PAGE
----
The conflict in northwestern Syria continues to cause fear, displacement and acute medical needs. Shelling on Thursday 24 October on the village of Janoudia in Idlib, northwestern Syria, resulted in an influx of 17 casualties being rushed to a nearby hospital that Doctors Without Borders (MSF) supports in a co-management partnership. Three of these patients were children under 14 years old.
Three of the patients died before arrival at the hospital, and one patient died a few moments after arrival. Six other patients were in a critical condition but could be stabilized and given treatment or referred to other hospitals. Three patients had moderate wounds and four had light injuries.
“A mass casualty influx is really intense,” said the doctor managing the hospital. “When the injured started arriving at 5pm yesterday, we requested all of our staff to come to the hospital so that we would be able to respond; the medical team was fully deployed to answer to the influx, and despite that, we had to refer one case to another hospital because all our operating theatres and medics were occupied and the case couldn’t wait. This patient had a double trauma in the head and in the chest. We stayed up all night to treat the injured as best we could.”
The need for medical services in northwestern Syria is extremely high. Beyond the direct victims of the conflict - often from aerial bombing or shelling – there are huge needs for more than a million people who have fled areas of fighting over the past months and years, often with nothing more than the clothes on their backs, and are extremely reliant on external assistance for food, shelter, water and medical care.
In the past month MSF has added a new mobile clinic team to help serve the primary healthcare and vaccination needs of families sheltering in makeshift camps in the cold mountainous terrain where many of the displaced people in northwestern Syria have fled. Nevertheless, the numbers of people in need of high levels of assistance are huge, and there is definitely a requirement for a general increase in the provision of humanitarian aid, specifically medical.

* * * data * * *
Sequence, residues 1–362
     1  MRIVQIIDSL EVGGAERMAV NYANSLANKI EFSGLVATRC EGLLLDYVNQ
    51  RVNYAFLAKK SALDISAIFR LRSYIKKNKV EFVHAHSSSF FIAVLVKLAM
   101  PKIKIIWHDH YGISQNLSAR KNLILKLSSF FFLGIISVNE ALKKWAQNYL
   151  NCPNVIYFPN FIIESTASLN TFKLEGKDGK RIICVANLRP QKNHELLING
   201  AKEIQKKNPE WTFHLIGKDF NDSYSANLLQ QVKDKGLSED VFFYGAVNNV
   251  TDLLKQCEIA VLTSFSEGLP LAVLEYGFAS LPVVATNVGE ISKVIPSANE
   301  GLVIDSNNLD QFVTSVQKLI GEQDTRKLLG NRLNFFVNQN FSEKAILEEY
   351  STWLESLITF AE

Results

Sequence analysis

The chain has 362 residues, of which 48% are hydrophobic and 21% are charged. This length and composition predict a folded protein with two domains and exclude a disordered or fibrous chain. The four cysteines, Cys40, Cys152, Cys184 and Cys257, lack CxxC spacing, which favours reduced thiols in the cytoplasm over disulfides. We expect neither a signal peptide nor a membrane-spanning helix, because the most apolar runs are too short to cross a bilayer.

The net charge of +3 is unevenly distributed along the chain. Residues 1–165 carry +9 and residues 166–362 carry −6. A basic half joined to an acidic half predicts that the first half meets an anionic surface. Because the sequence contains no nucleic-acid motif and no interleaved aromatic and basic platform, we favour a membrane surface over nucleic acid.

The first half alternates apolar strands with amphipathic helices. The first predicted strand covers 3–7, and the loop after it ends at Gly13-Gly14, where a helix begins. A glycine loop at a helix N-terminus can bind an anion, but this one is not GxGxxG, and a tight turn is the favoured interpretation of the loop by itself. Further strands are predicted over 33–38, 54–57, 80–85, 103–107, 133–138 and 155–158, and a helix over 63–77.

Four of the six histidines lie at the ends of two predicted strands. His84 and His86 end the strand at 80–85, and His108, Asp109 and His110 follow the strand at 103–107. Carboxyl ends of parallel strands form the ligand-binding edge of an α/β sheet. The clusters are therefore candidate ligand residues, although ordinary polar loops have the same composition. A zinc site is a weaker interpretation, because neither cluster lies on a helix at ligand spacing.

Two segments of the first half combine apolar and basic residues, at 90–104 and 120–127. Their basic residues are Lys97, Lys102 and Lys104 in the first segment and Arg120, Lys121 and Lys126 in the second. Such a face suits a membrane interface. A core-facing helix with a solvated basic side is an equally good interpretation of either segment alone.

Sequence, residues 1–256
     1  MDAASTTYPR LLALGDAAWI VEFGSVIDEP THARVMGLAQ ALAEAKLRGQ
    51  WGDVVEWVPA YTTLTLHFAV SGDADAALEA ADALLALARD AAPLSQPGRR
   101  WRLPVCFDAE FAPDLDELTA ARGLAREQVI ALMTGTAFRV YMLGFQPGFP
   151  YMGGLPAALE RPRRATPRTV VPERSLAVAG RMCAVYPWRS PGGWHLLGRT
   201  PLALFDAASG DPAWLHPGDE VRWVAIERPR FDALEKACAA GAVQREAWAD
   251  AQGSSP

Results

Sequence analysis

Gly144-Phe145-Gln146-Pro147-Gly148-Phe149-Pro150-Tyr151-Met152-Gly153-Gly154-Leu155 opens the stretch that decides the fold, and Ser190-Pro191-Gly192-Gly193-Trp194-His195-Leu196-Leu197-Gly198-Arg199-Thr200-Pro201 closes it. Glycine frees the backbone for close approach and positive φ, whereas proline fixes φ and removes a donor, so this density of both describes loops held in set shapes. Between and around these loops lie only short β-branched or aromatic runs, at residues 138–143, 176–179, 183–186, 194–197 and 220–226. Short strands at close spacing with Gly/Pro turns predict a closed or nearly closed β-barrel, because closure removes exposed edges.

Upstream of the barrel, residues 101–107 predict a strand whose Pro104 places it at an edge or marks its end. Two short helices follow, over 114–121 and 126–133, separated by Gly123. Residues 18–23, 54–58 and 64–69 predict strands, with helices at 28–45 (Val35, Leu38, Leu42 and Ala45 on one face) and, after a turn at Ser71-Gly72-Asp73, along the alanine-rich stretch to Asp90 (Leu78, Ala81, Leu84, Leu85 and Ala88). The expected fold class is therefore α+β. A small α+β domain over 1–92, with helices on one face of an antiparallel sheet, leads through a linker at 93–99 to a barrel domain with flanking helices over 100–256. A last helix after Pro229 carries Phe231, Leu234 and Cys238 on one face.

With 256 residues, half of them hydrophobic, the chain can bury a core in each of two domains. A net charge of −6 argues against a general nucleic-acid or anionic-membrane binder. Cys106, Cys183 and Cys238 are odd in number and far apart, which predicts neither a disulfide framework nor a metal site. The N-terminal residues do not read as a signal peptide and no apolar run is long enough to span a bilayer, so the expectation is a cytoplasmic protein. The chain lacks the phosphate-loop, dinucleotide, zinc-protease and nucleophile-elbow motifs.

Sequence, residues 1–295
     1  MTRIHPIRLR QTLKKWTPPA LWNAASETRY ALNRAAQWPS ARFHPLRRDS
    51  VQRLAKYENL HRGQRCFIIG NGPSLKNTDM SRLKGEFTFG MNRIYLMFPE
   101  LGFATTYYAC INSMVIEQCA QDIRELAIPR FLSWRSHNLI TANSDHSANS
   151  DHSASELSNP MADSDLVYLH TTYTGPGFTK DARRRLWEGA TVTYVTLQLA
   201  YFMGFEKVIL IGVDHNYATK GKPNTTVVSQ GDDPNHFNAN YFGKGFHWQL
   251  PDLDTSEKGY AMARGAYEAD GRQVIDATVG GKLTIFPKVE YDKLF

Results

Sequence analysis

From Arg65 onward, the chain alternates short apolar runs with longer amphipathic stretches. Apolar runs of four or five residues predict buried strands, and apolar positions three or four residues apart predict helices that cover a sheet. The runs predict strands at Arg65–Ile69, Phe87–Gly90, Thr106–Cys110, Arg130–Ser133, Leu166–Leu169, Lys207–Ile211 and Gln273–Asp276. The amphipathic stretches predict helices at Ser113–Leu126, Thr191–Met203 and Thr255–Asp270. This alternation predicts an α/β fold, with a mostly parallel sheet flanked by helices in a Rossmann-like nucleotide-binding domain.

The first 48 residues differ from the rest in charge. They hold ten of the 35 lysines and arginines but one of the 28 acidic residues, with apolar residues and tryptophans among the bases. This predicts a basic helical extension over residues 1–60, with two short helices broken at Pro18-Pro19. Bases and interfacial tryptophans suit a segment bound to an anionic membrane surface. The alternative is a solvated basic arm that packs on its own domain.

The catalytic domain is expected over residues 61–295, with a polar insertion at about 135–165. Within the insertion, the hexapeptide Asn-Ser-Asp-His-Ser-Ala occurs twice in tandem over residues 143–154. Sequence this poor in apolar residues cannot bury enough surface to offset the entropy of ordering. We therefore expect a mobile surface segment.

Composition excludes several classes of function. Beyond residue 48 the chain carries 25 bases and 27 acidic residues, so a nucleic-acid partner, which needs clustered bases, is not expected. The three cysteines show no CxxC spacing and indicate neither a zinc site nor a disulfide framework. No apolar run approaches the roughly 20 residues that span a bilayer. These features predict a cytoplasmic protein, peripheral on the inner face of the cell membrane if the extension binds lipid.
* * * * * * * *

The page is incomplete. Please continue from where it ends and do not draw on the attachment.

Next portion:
Across northwest Syria, MSF teams provide maternal healthcare, general healthcare and treatment for non-communicable diseases (NCDs) through mobile clinics. They distribute relief items and improve water and sanitation systems. They also support regular vaccination activities in two vaccination centres and one hospital and through mobile clinic services.
Also in northwestern Syria, MSF runs a specialised burns unit that provides surgery, skin grafts, dressings, physiotherapy and psychological support. MSF provides distance-support provides support to primary and secondary healthcare in several hospitals and clinics around Idlib and Aleppo, and has co-management partnerships with three hospitals, including the hospital that responded to Thursday’s mass casualty event.
MSF’s medical programs across Raqqa and Al Hasakeh governorates in northeastern Syria have been reduced or suspended since 15 October 2019 as we have been unable to ensure the safety of our teams due to the conflict in the region.
To ensure independence from political pressures, MSF receives no government funding for its work in Syria.